“In my 13 and a half months at prison, I walked 14,000 laps at the track,” he said, explaining that was 3,500 miles, or the distance from New York to Los Angeles. This resulted in him losing more than 40 pounds that he had put on in the months when he was waiting to go to prison.
During his stint behind bars, Grant’s devotion to spirituality began when he started actively attending church services.
“Everyone goes through some form of transformation in prison,” he said. “I became open to all forms of religion; Christianity, Islam, Judaism. I became interested in the ways of these faiths,” he said.
After his release from prison, Grant received a master of divinity degree from Union Theological Seminary in New York City.
After he completed the program in 2012, Grant quickly was given a job as a practicing minister at the First Baptist Church in Bridgeport and soon after was named associate pastor and director of prison ministry at the church.
Grant was living in Greenwich at the time, and working in Bridgeport he noticed the monumental financial divide of rich and poor in each community.
However, Grant said, financial wealth and spiritual wealth flipped once a member of each community was incarcerated.
“Once someone was convicted of a crime, there was a new definition of rich and poor in each city,” said Grant. “Families in the inner cities rallied around the oppressed, while families in Greenwich would push them away.”
Prison Progressive Project
In May 2012, Grant established the outreach ministry Prison Progressive Project/Innocent Spouse and Children Project, and began working toward establishing spirituality within white-collar criminals.
As far as Grant knows, his ministry is the first of its kind.
“I found my calling which was based in my own experiences,” said Grant. “The need for this work was there. Many affluent areas deny the existence of crime. They deny the existence of substance abuse,” he said.
Grant looks back on the pressures of his job as an attorney and understands why many white-collar criminals turn to substance abuse and crime.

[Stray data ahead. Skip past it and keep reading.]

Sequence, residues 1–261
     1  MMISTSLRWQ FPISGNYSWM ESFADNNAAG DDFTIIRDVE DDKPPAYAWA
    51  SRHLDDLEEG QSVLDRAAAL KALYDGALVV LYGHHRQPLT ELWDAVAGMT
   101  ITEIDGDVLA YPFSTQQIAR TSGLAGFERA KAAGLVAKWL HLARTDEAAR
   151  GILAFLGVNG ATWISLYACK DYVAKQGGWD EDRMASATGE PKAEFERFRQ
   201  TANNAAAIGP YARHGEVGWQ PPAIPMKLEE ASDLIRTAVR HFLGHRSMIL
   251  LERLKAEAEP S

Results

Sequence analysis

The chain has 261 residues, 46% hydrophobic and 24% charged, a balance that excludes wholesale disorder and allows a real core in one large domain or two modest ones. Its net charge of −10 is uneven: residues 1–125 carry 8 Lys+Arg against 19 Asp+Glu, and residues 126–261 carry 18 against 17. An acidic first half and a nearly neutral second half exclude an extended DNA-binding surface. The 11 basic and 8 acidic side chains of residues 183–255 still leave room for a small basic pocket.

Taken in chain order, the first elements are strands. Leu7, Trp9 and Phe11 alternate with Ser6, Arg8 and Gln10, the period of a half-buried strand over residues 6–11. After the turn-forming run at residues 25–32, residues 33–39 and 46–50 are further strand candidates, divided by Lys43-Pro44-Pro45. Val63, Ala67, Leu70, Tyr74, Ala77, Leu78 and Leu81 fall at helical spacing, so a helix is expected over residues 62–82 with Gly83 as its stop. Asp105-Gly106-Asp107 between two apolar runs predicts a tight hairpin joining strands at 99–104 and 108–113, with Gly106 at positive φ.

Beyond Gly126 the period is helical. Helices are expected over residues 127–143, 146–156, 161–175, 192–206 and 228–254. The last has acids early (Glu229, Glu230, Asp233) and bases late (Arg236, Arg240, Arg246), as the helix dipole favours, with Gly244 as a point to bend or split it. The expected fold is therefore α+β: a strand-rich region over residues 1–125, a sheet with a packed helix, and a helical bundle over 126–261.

“There were a lot of long hours, long nights and stress,” he said.
Before his incarceration, Grant said, he was very “materialistic” and more focused on his BMWs and vacations than his spirituality. But he is grateful that his life has turned in the direction it has.
“We have worked with wellknown people, with lawyers and doctors,” said Grant. “We’ve worked with people who have exercised poor judgment, or have substance abuse issues. We’ve worked with people who don’t have the resources to bounce back.”
Grant and Springer don’t charge for their services, but they accept donations. Grant said donors are often affluent individuals, faith-based institutions or merely “compassionate people” who want to make a difference.
Approximately 80% of their clientele finds them, and family members will often reach out to them before the criminal does.
One of the primary goals of the ministry is to educate the public on the shame that white-collar criminals feel, and Grant will do that through guest preaching at churches around the area.
Grant and Springer often attend Norfield Congregational Church on Norfield Road, and Grant has spoken about his work in sermons there.
“We talk about why we are a unique ministry and how others can relate to these experiences,” he said, adding that he also speaks about his ministry at organizations, conferences and clubs.
Ultimately, Grant hopes to give white-collar criminals and their families the spirituality they need to ensure they aren’t going through challenging times alone.
“We really try to bring faith, dignity and respect to all of those who are suffering,” he said.